Among the debatable calls in the NFL's Week 15, none backfired more than Andy Reid's attempt to ice an already frozen kicker at Arrowhead Stadium.
Ryan Succop's 53-yard try fell well short but served as a mulligan thanks to Reid's timeout, and Succop put plenty more boost and force into his do-over. It cleared the crossbar as time expired, giving the Titans a 19-17 win over the Chiefs that kept Tennessee in the playoff hunt and denied Kansas City its clincher.
Moreover, KC fell from the AFC's No. 2 seed to No. 5. If that's where it finishes, the Chiefs will have to hit the road in the wild-card round instead of getting the weekend off and preparing for a home game.
''Kind of backfired,'' Reid said sadly.
There were other notable decisions in Week 15, including league rushing leader Ezekiel Elliott's deciding to jump into an oversized Salvation Army red kettle after his short TD run in Dallas' 26-20 win over Tampa Bay.
One of the worst officiating calls of the year came in the Giants' 17-6 win over the Lions. Eli Manning's pass bounced off Odell Beckham Jr.'s left hand and rolled in between the receiver's legs before he reached back and secured it. Referee Tony Corrente's crew ruled it a completion on what ended up being a touchdown drive.
Other calls included an owner who didn't wait for his coach to fly back home to fire him; a superstar who hollered at his coach on the sideline; a punt returner's failure to capitalize on his second chance; and a QB switch that worked out wonderfully.
HOLIDAY CHEER? By halftime of the Jaguars-Texans game, Houston QB Brock Osweiler was benched. By game's end, Jacksonville coach Gus Bradley was out the door.
Jaguars owner Shad Khan fired Bradley immediately after Jacksonville's 21-20 loss to Houston in which the Texans rallied from a nine-point, fourth-quarter deficit behind backup QB Tom Savage.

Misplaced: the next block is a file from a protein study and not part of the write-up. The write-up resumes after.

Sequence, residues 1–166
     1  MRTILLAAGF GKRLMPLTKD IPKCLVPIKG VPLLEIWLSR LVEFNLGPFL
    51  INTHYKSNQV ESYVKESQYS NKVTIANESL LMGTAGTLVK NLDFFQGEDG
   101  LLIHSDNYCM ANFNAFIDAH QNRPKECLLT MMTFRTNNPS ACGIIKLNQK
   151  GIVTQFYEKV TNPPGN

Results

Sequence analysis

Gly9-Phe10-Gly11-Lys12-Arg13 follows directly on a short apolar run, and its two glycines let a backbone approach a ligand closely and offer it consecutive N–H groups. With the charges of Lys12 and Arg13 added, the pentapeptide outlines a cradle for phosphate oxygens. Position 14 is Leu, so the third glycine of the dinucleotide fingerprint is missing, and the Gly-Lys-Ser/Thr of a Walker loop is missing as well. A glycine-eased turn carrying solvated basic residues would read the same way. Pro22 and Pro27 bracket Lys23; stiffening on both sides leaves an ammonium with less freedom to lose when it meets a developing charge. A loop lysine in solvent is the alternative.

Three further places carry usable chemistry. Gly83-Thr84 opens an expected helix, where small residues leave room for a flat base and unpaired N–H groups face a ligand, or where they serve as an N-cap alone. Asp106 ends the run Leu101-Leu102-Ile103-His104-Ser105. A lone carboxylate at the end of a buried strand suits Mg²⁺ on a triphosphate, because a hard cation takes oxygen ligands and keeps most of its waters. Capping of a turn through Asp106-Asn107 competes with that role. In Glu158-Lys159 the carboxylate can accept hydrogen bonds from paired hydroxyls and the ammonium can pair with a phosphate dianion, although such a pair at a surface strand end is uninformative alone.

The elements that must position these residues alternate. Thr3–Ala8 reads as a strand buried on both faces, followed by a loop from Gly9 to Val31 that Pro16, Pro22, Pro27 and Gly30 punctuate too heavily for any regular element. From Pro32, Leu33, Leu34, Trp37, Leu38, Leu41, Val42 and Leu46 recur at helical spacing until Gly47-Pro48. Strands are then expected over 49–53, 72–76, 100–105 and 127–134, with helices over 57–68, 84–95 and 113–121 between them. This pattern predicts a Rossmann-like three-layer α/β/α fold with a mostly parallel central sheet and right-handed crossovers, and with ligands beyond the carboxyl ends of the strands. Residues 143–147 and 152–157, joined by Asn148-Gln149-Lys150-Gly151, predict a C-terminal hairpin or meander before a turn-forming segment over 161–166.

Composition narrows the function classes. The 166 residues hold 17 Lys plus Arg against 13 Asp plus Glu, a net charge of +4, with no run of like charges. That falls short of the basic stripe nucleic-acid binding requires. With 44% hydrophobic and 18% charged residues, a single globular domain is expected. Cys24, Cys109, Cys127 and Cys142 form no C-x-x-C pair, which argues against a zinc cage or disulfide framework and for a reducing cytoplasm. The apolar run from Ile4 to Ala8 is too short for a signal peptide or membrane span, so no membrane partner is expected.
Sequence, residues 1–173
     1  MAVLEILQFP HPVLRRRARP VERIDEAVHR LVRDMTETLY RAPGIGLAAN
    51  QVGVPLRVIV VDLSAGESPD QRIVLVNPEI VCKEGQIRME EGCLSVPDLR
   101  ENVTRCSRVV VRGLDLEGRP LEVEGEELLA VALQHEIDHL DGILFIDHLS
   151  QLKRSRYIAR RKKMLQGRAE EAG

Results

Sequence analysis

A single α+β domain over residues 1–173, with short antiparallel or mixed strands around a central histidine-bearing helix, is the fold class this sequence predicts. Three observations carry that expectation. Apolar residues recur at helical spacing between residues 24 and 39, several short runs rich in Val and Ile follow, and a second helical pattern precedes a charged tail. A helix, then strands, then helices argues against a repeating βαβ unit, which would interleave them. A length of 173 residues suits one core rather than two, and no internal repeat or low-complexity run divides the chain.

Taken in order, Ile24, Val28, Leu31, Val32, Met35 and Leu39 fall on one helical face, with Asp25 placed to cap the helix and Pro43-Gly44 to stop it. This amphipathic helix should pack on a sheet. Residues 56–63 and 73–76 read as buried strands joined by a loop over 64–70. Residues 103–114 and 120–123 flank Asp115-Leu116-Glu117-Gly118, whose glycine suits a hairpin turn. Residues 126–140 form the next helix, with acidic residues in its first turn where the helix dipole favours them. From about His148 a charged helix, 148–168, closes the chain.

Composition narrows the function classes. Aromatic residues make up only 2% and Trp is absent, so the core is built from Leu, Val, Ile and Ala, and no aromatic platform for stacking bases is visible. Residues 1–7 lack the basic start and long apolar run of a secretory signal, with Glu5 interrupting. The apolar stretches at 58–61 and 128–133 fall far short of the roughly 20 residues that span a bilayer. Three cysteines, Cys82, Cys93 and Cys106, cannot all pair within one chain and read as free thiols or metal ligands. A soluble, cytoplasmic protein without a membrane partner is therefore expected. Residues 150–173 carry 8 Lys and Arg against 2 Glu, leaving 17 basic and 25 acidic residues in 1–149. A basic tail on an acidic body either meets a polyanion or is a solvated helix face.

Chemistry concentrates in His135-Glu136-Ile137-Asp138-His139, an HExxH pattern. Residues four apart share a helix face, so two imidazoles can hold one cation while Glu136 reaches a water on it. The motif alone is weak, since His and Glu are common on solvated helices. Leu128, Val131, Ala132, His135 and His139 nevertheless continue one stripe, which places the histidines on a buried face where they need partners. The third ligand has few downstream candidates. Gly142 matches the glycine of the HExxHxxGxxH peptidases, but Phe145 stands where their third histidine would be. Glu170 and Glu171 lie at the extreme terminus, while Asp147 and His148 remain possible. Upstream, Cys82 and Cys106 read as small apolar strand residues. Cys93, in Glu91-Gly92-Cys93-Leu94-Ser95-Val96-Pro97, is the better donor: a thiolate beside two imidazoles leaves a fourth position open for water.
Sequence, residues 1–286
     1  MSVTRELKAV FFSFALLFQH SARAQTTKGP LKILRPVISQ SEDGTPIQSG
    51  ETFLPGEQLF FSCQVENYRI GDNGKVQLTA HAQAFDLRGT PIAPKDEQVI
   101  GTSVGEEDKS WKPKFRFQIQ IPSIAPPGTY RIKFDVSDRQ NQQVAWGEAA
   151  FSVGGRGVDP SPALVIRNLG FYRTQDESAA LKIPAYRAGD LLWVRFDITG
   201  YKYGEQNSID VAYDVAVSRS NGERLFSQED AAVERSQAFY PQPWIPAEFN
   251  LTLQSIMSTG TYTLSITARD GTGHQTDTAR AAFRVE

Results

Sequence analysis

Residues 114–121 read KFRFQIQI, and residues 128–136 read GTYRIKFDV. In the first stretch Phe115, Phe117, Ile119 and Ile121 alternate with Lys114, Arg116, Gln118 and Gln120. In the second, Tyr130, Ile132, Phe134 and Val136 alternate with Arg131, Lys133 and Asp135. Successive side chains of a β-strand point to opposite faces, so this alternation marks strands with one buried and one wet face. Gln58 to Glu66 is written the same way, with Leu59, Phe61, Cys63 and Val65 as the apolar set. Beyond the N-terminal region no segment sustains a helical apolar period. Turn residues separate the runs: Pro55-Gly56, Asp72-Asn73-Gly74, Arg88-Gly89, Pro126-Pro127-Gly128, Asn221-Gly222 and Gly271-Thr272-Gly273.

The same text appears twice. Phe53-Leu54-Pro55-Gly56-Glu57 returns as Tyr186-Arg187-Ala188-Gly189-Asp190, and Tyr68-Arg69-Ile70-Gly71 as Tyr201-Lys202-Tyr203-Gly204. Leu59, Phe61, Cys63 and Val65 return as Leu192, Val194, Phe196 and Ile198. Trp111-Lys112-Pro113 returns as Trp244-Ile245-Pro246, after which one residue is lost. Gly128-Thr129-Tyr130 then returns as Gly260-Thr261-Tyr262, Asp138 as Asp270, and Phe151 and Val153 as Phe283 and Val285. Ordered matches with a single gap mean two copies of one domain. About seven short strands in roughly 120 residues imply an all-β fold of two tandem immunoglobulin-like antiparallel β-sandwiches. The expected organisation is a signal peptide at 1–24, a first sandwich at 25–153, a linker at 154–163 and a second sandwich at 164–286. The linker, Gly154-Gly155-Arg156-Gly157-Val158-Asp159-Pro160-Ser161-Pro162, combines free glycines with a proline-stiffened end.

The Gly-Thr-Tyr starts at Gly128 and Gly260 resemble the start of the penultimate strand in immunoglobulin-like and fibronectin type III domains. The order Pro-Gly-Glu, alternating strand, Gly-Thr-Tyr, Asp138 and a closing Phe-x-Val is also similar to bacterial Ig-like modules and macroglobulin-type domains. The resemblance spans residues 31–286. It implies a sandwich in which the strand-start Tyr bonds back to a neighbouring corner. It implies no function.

Khan's timing was unorthodox for an owner who showed such patience: Bradley went 14-48 in four seasons, his .225 winning percentage the worst of any NFL coach with at least 60 games.
Khan issued a statement thanking Bradley, who flew home on the team charter, and explaining he didn't wait any longer to fire him because ''I thought it would be best to do it immediately after today's result so Gus can step away, relax and regroup with his family during the Christmas and holiday season.''
The Texans remain tied with Tennessee atop the AFC South thanks to Savage and coach Bill O'Brien said on Monday that Savage will start next week against Cincinnati.
BUNGLING BRONCOS: Gary Kubiak drew scrutiny for his decisions before, during and after the Broncos' 16-3 loss to New England that damaged their playoff plans and hopes to defend their Super Bowl title.
-He reinserted fumble-prone Jordan Norwood at punt returner even though Kalif Raymond had provided a much-needed spark on special teams since supplanting him two weeks ago. Kubiak explained he needed Norwood as his third receiver for his no-huddle offense, so Raymond was inactive.
Norwood promptly muffed his first punt return of the day and fourth of the season. Norwood caught just one pass - with 14 seconds left - and he coughed that up, too.
-So atrocious was his offense that Kubiak declined to use any of his three timeouts when Tom Brady threw incomplete on third-and-5 with 1:13 left in the first half of a 10-3 game. So the Patriots burned off 41 seconds before the Broncos got the ball back, ran one run play and headed straight for the locker room to a cascade of jeers.
-In the losing locker room, Kubiak opened the floor to any player who wanted to address the team. When left tackle Russell Okung tried to speak up, he was shouted down by defensive players who have had it with the offense's season-long ineptitude, which includes a league-high 57 three-and-outs.
SHOUTING SHERMAN: At least the Broncos waited until they got back to the locker room to yell at each other. Seattle superstar Richard Sherman had another sideline outburst during the Seahawks' 24-3 over the Rams.
Sherman erupted during the third quarter with Seattle leading 10-3. On first-and-goal at the 1, Russell Wilson forced a pass in the direction of Jimmy Graham that appeared to be intercepted by the Rams' Bryce Hager. After a review, it was determined Hager didn't have possession, but that didn't stop Sherman from screaming in the direction of head coach Pete Carroll and offensive coordinator Darrell Bevell.
''I don't like it when we throw the ball at the 1,'' said Sherman, who brought up the Super Bowl loss to New England and Wilson's famous pass from the 1 that was intercepted by Malcolm Butler.
''I was letting Pete know ... that we're not confident with you throwing the ball at the 1,'' Sherman said. ''It went great. They ran the ball on the next play and then figured out a way to get into the end zone.''
With another pass.
From the 1.
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This story has been corrected to remove incorrect reference to Jordan Norwood.